The Mississippi Blues Trail is a series of historical markers that celebrate the state’s rich musical and cultural heritage. The first Blues Trail markers went up in late 2006, and since then some 170 markers have been placed. These acknowledge not only Mississippi’s many legends of the blues but also address significant places and themes (such as cotton and railroads) that were integral to the development of the music.
Musicians Kenny Brown, Duwayne Burnside, Joe Ayers, David Kimbrough,
and Garry Burnside at the dedication of a marker in Holly Springs
The Blues Trail project is unique in terms of the great amount of information conveyed on each marker. The front sides features a brief description in the raised metal lettering typical of historical markers, while a vinyl panel on the backsides allows for a five-hundred-plus word essay as well as multiple color images. This content can also be found on the Blues Trail website, which also hosts sixteen short films created exclusively for the Blues Trail.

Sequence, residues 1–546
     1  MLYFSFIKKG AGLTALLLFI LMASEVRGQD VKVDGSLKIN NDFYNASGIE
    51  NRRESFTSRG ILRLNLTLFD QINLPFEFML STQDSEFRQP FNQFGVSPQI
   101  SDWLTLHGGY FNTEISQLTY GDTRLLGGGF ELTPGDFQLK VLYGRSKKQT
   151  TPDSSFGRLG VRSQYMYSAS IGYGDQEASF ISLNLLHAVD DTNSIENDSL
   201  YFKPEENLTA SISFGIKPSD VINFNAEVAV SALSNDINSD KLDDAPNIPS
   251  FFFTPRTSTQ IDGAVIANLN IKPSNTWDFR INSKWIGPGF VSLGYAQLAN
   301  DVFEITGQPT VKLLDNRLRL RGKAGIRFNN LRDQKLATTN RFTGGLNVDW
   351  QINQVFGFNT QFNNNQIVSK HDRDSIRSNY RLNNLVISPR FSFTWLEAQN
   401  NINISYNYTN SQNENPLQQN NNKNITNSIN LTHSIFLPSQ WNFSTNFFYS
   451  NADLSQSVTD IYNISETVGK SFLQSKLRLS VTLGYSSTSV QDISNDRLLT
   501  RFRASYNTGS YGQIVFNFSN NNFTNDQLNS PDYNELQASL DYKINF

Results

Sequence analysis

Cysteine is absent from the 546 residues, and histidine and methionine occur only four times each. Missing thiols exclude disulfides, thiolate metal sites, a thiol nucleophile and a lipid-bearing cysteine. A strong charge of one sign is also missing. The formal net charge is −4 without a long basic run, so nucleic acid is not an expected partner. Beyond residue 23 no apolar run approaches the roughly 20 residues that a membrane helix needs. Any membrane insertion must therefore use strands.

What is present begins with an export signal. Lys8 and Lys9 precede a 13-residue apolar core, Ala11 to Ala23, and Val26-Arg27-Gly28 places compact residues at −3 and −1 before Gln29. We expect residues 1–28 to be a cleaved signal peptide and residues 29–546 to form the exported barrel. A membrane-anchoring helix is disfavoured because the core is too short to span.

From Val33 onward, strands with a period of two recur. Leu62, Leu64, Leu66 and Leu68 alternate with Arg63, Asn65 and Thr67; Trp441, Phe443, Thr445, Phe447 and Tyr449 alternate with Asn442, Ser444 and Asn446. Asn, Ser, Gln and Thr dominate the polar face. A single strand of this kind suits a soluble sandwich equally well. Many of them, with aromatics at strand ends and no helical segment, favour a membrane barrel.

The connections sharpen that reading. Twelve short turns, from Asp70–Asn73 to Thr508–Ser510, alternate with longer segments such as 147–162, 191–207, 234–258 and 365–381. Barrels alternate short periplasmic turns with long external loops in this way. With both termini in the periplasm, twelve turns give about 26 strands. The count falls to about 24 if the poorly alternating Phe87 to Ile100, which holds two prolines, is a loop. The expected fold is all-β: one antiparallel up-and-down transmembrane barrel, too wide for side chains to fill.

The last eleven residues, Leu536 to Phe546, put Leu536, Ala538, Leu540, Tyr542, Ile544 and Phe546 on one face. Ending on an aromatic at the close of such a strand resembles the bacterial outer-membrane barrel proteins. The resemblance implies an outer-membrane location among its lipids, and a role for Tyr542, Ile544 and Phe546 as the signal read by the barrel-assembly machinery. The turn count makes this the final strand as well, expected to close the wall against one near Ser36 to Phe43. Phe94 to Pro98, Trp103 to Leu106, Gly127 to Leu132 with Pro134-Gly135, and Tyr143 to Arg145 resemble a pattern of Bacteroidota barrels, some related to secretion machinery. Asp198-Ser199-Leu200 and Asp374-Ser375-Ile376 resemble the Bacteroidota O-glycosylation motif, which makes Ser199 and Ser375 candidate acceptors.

The vast majority of the markers are located in Mississippi, while others acknowledge the great influence Mississippi blues artists have had on the music of the world. Markers in Memphis, Helena, Arkansas, and Chicago reflect the significant interchanges Mississippians had in those places, while the far-reaching impact of the blues is expressed through markers in Los Angeles, Rockland, Maine, and Notodden, Norway.
While visiting Mississippi blues fans are encouraged to use the Blues Trail app developed for iPhone (iOS) and Android phones, whose features include being able to create an itinerary and calculate distance to the nearest markers. In early 2013 the Mississippi Arts Commission also launched a Blues Curriculum based on the Blues Trail.